The U.S. government reiterated its commitment to strengthening ties with Japan after Prime Minister Shinzo Abe's ruling coalition retained a majority in Sunday's Upper House election.

"We look forward to continuing to work with the Government of Japan, a friend and ally of the United States," a spokesperson for the State Department said in an email responding to a request for comment.

The department also emphasized the broad political support that both countries enjoy under the U.S.-Japan alliance based on the "shared commitment to democratic values."

U.S. media outlets were quick to report on the results of Sunday's election, with the New York Times saying that although Abe "did not secure the number of seats needed to fulfill his long-cherished ambition of revising a pacifist Constitution," he played it down and instead "touted his personal relationship with President Trump" to assure voters that his government is the best choice to run the country.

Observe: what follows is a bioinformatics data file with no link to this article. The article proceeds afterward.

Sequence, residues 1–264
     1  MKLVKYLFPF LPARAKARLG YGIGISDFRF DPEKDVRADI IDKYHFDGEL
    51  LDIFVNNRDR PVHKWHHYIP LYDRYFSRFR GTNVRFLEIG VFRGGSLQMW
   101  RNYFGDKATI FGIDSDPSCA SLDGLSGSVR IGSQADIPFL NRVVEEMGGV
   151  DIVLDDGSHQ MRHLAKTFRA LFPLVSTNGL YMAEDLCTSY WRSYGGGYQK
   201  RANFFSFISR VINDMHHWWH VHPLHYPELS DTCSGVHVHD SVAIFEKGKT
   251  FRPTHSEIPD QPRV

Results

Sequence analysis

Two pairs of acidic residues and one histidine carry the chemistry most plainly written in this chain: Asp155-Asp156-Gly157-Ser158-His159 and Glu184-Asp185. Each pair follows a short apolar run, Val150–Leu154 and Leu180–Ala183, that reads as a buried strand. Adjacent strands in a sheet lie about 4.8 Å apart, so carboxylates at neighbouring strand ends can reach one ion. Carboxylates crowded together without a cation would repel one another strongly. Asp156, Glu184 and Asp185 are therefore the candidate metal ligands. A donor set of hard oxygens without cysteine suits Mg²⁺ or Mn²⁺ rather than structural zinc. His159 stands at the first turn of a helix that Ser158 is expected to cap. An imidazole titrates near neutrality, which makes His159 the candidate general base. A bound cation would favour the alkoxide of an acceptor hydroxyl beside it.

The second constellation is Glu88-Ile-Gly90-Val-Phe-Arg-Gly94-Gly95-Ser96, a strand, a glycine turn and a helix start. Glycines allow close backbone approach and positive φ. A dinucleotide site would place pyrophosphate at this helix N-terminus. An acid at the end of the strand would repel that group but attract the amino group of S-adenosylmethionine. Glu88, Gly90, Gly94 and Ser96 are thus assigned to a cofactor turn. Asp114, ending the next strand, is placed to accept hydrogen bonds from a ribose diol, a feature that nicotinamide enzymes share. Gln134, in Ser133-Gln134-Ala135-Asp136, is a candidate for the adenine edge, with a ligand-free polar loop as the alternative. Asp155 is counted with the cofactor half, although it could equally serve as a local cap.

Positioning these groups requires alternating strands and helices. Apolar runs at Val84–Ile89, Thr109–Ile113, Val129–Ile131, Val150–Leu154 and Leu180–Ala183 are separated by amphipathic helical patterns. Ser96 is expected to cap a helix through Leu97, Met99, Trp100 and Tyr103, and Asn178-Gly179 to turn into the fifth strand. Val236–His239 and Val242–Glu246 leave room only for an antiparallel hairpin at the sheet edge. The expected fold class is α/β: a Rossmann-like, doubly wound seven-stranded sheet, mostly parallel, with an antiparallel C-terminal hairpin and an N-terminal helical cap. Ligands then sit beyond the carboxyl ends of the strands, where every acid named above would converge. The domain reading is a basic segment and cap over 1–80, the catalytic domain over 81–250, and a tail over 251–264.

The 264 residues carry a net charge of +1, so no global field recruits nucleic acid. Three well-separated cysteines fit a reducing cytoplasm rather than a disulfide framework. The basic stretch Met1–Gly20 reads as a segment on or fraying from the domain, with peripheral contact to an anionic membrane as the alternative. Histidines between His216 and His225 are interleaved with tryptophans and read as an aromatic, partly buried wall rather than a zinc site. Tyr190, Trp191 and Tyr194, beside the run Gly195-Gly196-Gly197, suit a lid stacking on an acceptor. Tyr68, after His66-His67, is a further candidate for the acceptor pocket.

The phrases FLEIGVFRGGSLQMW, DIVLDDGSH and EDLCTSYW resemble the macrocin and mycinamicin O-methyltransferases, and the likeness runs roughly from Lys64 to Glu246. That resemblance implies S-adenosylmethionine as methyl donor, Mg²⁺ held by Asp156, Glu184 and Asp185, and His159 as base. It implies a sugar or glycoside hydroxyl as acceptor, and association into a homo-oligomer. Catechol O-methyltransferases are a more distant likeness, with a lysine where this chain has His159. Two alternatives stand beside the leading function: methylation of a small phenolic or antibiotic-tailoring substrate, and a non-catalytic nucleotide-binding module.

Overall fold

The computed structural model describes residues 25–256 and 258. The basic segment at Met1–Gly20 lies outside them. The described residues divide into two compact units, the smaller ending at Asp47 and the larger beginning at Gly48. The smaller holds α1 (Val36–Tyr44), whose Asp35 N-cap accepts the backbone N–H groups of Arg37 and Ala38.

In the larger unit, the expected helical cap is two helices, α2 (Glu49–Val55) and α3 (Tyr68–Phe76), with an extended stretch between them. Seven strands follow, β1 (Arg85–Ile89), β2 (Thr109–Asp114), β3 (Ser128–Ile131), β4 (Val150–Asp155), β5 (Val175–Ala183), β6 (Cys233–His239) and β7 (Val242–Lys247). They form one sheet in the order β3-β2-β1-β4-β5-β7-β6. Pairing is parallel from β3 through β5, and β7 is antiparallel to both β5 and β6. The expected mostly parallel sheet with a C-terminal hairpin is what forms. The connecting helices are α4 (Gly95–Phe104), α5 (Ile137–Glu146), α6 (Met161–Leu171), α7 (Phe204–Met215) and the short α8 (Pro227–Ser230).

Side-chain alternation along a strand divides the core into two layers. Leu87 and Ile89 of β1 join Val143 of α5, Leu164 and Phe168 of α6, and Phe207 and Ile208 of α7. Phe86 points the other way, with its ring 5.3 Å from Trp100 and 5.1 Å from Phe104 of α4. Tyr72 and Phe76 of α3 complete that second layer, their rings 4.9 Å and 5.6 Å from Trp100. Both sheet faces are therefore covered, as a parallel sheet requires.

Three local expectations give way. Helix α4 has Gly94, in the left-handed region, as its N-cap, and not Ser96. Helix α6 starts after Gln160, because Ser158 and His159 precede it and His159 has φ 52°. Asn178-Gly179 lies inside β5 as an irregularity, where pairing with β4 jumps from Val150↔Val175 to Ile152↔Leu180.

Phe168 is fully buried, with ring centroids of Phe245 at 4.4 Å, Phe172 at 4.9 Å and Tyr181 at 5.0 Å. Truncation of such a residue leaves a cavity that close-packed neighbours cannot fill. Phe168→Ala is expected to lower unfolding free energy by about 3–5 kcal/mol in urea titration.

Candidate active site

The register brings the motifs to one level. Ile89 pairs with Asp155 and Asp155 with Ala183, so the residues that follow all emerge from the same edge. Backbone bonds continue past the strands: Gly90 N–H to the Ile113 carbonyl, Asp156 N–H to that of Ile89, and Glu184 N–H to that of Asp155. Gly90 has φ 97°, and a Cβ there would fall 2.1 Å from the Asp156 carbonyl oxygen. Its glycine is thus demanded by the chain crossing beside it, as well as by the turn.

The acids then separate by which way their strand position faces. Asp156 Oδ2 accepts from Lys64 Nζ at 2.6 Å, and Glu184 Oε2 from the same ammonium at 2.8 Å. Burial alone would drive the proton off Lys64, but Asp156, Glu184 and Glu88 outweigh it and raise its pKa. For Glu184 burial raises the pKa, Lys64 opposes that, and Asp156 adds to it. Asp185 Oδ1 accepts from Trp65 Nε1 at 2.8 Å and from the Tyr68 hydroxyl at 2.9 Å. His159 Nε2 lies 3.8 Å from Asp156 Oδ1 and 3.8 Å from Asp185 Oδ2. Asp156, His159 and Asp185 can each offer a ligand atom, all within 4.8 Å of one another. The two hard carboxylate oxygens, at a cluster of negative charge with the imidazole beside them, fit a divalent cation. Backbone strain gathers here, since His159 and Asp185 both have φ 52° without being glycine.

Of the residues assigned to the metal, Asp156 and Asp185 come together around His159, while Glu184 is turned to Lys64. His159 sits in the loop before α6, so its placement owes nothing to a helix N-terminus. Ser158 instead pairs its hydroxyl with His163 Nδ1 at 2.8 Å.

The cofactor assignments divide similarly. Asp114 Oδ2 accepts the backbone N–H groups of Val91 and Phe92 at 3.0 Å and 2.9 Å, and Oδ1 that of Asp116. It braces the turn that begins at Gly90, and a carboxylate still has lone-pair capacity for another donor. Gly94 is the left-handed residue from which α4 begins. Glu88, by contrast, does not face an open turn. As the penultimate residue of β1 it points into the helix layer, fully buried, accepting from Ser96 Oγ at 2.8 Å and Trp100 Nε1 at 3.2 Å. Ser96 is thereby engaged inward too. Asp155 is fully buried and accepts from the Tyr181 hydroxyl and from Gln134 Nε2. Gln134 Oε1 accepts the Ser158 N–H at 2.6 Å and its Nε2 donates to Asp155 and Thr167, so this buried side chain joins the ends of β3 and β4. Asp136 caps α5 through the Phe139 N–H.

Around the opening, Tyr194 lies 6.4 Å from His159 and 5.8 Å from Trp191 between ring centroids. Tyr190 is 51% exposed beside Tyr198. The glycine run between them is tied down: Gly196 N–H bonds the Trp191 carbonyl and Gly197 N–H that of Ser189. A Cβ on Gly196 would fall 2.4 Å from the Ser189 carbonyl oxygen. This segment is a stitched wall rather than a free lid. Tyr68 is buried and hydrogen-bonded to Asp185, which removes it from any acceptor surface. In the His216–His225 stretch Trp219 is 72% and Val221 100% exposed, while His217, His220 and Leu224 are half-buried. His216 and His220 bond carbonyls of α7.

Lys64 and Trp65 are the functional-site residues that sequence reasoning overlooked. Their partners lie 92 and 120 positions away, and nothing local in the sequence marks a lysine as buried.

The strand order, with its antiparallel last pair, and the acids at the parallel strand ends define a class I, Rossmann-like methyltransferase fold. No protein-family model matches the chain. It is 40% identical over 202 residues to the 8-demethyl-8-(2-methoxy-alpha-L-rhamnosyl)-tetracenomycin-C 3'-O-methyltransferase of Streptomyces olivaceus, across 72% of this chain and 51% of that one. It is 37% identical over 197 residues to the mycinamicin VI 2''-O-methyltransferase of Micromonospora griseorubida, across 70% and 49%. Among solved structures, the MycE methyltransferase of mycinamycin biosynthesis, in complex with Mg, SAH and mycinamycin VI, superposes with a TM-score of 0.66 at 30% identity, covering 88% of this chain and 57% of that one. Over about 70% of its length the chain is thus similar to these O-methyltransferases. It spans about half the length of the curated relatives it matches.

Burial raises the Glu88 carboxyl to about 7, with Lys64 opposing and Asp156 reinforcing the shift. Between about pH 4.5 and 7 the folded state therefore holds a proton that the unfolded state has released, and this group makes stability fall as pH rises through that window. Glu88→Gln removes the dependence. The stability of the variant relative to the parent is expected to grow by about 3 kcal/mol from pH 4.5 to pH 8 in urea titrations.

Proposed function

Abe has set his sights on having a revised Constitution in 2020, but the pro-amendment camp's failure to hold onto their two-thirds supermajority means the LDP leader faces the daunting task of convincing opposition parties if he wants to achieve his goal as planned.

The Wall Street Journal marked upcoming trade talks with the United States as one of the biggest challenges the LDP leader will face, with President Donald Trump pushing for greater market access while threatening to raise auto tariffs. Trump had said that he expected to announce something "very good for both countries" in August after the election.